Published Apr 09, 2020During his early days in New York's DIY scene, Dave Benton was known for being the tender voice of honesty in the three-songwriter band LVL UP. With LVL UP now dissolved, Benton is fully leaning into the same burning sentimentality that he has been known for in his past work with his second album as Trace Mountains.
Now based in the Hudson Valley region of New York, Benton uses his sleepily warm voice with wide open guitar tones on Lost in the Country. Benton has cleaned up Trace Mountains' reedy sound, maintaining his melancholic breeziness with the introspection of a wizened veteran. On the album's title track, Benton embraces slowing things down with a porch-lit, shuffling back beat and worn, sinewy guitar lines reminiscent of Kurt Vile or the War on Drugs. The tinny chirp of steel guitar on "Fallin' Rain" is glazed over with enough woody reverb to conjure the feeling of chewing on a bit of straw while staring at a deep orange sunset.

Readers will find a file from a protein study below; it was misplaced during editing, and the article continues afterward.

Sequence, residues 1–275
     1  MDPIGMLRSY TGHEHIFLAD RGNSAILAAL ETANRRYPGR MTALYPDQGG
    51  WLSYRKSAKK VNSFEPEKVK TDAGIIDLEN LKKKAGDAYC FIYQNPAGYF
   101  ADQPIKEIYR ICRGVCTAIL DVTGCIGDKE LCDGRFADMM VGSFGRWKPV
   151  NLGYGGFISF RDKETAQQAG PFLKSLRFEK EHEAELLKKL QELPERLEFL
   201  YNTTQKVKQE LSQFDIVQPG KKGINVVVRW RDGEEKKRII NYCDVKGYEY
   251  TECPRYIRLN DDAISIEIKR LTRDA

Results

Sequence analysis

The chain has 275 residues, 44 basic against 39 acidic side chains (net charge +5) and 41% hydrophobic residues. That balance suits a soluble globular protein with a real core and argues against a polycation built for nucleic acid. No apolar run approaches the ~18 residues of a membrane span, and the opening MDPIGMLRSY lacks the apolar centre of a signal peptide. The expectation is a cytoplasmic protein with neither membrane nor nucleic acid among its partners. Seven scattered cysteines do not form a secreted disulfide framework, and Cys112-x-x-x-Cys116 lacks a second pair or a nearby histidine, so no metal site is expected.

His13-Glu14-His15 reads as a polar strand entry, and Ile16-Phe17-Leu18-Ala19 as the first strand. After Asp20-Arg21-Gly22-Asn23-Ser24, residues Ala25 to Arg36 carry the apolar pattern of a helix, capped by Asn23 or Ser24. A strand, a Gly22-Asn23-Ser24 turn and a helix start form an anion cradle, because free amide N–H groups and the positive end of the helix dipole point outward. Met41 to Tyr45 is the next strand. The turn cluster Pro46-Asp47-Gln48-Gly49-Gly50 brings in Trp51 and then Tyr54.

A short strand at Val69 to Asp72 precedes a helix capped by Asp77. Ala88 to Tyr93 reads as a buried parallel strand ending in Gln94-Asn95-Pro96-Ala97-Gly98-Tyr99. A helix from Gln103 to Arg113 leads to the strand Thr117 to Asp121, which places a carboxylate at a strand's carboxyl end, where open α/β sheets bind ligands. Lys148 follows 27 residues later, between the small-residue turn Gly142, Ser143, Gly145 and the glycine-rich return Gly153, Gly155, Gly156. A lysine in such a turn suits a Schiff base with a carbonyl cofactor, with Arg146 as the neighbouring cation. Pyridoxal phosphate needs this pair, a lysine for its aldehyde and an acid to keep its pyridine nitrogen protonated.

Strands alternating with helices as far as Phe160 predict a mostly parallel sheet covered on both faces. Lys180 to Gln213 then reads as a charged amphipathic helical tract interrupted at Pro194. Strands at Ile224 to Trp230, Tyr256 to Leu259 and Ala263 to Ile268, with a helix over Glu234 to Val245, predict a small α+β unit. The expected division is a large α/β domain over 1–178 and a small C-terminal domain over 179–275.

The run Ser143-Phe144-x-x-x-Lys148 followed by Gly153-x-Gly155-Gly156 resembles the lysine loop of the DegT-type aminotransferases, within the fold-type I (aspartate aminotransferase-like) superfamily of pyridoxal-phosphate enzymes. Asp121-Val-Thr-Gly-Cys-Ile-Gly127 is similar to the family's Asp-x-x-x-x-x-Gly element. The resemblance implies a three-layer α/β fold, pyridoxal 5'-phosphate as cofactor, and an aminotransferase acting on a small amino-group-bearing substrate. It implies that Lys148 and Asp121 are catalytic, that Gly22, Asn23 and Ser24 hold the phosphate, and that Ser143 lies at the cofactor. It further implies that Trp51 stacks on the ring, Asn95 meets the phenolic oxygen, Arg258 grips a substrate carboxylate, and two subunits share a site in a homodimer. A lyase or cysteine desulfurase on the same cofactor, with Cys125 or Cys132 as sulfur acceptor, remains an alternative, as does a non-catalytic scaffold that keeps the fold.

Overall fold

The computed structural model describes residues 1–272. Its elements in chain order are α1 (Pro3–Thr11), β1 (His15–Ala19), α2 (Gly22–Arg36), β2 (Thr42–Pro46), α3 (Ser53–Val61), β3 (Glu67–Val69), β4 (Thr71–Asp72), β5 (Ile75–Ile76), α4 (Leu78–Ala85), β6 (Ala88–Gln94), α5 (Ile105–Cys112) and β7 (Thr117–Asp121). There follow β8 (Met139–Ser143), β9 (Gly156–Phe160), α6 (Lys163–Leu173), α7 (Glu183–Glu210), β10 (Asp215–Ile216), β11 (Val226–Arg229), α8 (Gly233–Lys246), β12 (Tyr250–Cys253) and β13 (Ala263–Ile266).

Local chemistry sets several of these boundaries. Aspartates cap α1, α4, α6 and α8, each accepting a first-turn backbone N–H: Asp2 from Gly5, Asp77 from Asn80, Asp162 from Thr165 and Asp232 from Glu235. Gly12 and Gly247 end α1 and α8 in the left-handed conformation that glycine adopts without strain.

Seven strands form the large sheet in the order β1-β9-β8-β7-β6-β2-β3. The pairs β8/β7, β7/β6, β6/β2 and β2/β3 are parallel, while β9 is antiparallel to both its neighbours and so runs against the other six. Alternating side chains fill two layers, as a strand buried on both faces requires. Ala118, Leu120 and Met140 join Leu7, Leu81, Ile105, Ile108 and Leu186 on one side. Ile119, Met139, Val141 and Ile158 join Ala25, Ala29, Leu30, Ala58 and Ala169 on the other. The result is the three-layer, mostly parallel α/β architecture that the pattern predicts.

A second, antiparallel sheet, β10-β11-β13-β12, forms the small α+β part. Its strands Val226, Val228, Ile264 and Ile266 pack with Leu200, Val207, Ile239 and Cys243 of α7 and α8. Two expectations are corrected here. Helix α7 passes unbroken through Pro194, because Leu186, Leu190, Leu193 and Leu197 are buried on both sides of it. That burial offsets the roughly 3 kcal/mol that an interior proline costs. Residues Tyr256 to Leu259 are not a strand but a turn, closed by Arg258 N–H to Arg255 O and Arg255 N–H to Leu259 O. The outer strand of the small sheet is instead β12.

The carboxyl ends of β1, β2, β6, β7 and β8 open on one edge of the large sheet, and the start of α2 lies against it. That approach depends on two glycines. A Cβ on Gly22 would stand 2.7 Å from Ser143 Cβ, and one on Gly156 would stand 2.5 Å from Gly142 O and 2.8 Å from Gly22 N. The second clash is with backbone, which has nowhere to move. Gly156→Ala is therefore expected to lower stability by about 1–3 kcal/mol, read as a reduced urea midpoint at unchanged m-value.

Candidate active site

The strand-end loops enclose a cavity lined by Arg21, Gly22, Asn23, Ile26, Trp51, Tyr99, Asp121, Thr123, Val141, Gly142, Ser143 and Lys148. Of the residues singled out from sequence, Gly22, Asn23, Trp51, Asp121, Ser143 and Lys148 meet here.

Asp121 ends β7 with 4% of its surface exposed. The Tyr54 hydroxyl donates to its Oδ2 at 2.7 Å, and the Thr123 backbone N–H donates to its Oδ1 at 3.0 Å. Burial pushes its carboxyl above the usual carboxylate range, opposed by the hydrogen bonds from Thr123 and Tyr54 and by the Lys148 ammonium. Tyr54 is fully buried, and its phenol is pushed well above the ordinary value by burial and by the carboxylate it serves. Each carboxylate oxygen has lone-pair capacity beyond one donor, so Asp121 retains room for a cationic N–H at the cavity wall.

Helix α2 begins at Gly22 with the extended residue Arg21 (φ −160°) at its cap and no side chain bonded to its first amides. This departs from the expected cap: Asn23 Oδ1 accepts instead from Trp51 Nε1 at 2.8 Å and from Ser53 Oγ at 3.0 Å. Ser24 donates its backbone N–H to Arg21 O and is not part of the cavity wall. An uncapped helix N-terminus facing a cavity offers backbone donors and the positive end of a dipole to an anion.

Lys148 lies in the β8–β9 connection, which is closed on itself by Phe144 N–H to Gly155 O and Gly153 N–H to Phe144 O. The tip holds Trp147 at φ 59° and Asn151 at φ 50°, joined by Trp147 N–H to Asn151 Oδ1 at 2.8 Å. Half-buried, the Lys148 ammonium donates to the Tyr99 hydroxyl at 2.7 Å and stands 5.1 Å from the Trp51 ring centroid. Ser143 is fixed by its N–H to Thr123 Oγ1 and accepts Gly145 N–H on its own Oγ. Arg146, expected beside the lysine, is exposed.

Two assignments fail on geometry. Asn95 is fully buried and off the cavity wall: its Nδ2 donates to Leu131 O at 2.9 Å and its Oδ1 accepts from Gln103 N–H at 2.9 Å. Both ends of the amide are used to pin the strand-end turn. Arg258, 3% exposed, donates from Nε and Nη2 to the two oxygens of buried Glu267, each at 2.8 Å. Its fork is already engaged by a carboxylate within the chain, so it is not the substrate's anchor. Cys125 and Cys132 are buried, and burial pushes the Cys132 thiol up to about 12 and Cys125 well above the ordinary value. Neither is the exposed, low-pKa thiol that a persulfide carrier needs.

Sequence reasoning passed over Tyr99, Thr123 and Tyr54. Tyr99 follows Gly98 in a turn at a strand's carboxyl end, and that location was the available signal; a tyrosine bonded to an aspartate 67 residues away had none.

Elsewhere, "Benji" begins as a crisp AM radio rock tune, seamlessly blending in warped vocal lines and a big electrified outro that is reminiscent of Benton's LVL UP work. "Me & May" is a daydreaming, polished pop gem, speckled with a salty sweetness and "Dog Country" is a softly narrated by Benton's boyish tenor backed by bandmate Susannah Cutler's sparkling voice.
As Benton shifts his focus from big rock choruses to a grounding, direct connectivity, Lost in the Country cements Trace Mountains' evolution into a type of modern Americana. (Lame-O Records)